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When it comes to technology, go Amish

Author Jeff Smith explores the Amish approach to technology, which is much more nuanced and pragmatic than one would assume, in this thoughtful Washington Post piece:

If your familiarity with the Amish doesn’t extend much beyond the image of a bearded man wearing a black hat and driving a horse and buggy on a rural road, you might have the impression that members of the traditionalist Christian group reflexively shun all modern technology. You’d be mistaken. Each church community of about 30 families — in a denomination with well over 300,000 members, spread across 31 states and parts of Canada and South America — has latitude in setting its technology boundaries.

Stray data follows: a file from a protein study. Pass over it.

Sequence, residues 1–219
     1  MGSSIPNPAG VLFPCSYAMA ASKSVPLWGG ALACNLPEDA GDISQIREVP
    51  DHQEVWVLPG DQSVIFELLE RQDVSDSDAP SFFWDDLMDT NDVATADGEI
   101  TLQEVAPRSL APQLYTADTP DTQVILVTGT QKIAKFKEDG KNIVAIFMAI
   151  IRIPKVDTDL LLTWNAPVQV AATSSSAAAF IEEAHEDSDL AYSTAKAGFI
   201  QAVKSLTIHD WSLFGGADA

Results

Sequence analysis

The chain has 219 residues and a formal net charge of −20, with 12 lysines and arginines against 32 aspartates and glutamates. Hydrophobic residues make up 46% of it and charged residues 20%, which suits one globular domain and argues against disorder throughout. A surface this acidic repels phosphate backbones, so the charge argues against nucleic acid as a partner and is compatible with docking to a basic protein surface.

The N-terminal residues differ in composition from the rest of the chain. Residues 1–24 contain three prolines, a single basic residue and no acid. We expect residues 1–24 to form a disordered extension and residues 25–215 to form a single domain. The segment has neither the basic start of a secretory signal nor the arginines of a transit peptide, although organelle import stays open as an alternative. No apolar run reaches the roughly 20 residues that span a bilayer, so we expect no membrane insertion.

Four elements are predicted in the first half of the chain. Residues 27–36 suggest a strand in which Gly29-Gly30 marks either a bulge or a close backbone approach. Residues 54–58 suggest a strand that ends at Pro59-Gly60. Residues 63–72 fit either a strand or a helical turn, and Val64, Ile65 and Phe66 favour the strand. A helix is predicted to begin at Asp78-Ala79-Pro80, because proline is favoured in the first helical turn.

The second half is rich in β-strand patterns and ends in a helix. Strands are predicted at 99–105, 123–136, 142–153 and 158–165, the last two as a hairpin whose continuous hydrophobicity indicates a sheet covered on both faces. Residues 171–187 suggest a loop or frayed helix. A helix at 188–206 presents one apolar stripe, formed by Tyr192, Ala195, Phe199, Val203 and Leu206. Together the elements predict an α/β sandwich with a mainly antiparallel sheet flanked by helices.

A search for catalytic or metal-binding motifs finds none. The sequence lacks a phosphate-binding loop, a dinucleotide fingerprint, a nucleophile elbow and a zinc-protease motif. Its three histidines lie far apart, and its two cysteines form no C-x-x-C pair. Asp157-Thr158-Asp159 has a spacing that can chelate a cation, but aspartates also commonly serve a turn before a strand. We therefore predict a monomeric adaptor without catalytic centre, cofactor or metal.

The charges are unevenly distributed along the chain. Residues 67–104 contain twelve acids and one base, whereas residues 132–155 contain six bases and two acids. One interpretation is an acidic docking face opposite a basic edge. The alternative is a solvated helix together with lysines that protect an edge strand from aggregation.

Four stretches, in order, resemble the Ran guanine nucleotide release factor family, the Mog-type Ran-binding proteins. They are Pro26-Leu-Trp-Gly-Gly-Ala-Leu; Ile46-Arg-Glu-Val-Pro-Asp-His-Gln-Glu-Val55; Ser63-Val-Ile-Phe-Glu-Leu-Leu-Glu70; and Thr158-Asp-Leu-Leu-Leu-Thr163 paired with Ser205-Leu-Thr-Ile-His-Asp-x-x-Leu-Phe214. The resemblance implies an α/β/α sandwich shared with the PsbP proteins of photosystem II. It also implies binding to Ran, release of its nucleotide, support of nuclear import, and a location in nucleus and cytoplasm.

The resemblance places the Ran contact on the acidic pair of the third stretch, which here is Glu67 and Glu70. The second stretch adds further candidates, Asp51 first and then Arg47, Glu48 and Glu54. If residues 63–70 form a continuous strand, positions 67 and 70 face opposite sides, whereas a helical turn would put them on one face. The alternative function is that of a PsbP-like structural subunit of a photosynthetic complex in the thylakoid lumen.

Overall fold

He explains further:

When a church member asks to use a new technology, the families discuss the idea and vote to accept or reject. The conversation centers on how a device will strengthen or weaken relationships within the community and within families.

In a couple of examples, Smith points out that technology’s effect on social ties is carefully considered in these communities. Even with a hay baling innovation, he writes, “The risk to social cohesion, they decided, wasn’t worth the potential gains.”

Imagine if the United States had conducted a similar discussion when social media platforms were developing algorithms designed to amplify differences and then pit us against one another, because anger drives traffic and traffic drives profits.